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Matthew Taylor: To ask the Secretary of State for Transport, Local Government and the Regions what assessment he has made of the reasons for the difference between the final voted departmental expenditure limit and provisional outturn for financial year 200001, as listed in the Treasury document, Public Expenditure 200001: Provisional Outturn, for Vote III, Environment, Transport and the Regions, subcategories (a) 1 Housing, construction, regeneration, regional policy, planning and countryside and wildlife, England, (b) 2 Roads, local transport and transport industries and (c) 4 Local government: England; and if he will make a statement. 
Dr. Whitehead: Full details of outturn against 200001 voted provision will be published in the appropriation accounts to be presented to the House of Commons by 31 January 2002. The departmental resource account on an accruals basis will also be presented to the House of Commons before 31 January. Updated estimates of the outturn for departmental expenditure limits in 200001 on an accrual basis were published in the 2001 pre-Budget report (Cm 5318), Table B16.
John Barrett: To ask the Secretary of State for Transport, Local Government and the Regions (1) what assessment the Government have made of (a) the benefits associated with the fitting of bull bars to vehicles in the UK and (b) the cost of removing bull bars from vehicles fitted with such bars in the UK;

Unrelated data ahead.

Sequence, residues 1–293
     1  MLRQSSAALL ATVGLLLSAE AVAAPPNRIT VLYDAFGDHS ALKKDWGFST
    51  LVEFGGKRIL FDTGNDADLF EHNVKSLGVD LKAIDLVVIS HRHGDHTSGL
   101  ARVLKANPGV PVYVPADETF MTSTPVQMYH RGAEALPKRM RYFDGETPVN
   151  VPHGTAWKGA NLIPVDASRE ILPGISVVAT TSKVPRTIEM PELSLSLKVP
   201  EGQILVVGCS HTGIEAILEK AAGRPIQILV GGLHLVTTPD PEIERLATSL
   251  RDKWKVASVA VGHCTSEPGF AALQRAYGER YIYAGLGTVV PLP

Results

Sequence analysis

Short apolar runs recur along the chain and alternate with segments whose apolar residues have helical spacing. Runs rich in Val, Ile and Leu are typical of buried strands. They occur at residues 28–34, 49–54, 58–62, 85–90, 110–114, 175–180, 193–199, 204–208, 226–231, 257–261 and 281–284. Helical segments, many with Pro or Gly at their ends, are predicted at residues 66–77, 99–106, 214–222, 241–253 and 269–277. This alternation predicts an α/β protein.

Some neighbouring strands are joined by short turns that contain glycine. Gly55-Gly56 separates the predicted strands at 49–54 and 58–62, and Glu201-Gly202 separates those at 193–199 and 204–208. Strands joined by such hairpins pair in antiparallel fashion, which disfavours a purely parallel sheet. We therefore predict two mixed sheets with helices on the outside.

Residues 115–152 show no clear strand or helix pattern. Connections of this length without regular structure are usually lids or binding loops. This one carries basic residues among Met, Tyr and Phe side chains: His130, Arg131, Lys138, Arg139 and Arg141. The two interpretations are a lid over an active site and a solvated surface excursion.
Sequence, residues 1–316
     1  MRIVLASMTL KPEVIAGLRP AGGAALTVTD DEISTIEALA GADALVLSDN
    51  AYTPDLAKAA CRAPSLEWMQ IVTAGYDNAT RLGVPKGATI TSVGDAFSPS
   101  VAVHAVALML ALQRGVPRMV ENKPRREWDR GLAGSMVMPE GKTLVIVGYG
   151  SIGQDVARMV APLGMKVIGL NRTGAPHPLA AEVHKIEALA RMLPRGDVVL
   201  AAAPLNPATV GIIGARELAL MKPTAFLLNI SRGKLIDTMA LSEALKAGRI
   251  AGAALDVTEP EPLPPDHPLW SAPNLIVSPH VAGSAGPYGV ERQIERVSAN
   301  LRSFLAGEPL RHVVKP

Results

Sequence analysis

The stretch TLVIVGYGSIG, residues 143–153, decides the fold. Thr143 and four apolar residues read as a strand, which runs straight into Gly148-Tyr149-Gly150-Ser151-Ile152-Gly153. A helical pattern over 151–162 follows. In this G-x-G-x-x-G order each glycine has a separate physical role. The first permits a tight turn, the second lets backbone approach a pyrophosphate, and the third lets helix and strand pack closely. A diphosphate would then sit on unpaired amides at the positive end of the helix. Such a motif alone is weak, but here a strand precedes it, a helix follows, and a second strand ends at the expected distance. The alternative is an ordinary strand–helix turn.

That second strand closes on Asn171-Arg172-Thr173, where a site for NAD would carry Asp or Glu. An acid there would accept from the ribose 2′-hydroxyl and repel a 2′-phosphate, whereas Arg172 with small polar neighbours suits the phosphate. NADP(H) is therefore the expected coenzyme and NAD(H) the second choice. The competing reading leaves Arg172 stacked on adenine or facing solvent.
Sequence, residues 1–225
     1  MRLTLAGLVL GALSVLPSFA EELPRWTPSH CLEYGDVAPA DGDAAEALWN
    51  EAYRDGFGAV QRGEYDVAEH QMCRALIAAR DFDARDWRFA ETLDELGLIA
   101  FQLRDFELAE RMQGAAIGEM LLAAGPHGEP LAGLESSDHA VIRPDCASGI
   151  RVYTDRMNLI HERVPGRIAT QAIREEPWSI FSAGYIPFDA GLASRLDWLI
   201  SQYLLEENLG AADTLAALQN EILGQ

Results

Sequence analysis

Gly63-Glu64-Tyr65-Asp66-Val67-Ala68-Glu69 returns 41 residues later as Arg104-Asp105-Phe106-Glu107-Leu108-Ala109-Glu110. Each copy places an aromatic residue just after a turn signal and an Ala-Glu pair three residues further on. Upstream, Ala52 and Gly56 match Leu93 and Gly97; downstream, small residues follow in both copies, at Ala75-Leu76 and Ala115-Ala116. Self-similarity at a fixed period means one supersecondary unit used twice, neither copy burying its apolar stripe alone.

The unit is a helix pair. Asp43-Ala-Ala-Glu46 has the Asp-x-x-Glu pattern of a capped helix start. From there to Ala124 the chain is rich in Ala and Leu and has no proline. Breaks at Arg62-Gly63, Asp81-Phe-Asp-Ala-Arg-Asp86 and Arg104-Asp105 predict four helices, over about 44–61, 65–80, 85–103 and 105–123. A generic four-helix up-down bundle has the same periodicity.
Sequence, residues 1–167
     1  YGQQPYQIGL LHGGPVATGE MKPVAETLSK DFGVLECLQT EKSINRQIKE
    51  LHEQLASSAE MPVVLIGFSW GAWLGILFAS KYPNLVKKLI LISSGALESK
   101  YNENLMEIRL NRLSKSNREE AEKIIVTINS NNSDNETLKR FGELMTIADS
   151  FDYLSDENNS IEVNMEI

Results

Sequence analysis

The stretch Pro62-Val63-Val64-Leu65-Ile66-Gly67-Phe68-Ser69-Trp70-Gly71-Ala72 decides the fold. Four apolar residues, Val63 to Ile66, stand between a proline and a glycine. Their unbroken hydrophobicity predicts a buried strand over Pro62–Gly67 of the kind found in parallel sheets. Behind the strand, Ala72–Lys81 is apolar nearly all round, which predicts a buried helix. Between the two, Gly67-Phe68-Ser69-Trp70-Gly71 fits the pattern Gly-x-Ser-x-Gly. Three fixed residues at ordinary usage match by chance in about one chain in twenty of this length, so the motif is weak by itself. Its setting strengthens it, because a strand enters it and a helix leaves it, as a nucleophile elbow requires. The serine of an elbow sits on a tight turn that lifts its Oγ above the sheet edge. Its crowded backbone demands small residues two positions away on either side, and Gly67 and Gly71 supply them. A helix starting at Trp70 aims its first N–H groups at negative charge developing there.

Mr. Jamieson: A draft regulatory appraisal was prepared in 1997 in connection with a consultation on possible national action on bull bars. Although this identified the benefits of removing bull bars, it did not identify benefits associated with fitting them. The cost to owners of removing bull bars was estimated at £110 per vehicle, being £35 for physical removal and £75 related to assumptions linked to loss of utility.
We have not made a separate assessment of the benefits expected from the bull bar aspect of the European Commission's proposal on pedestrian protection.
John Barrett: To ask the Secretary of State for Transport, Local Government and the Regions what assessment the Government have made of the number of people using mobile phones while driving, since the publication of the White Paper "Tomorrow's Roadsafer for everyone". 
Mr. Jamieson: Three observational surveys of mobile phones use while driving have been carried out for the Department by TRL Ltd. The latest survey, carried out in October this year, showed that 2 per cent. of the 27,900 drivers observed were using a mobile phone. 85 per cent. of the phones observed in use were hand-held.
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The surveys are carried out at road junctions at the same time as the seat belt wearing surveys and may not be representative of the extent of mobile phone use by drivers on all roads. Proposals for more detailed surveys are currently being considered.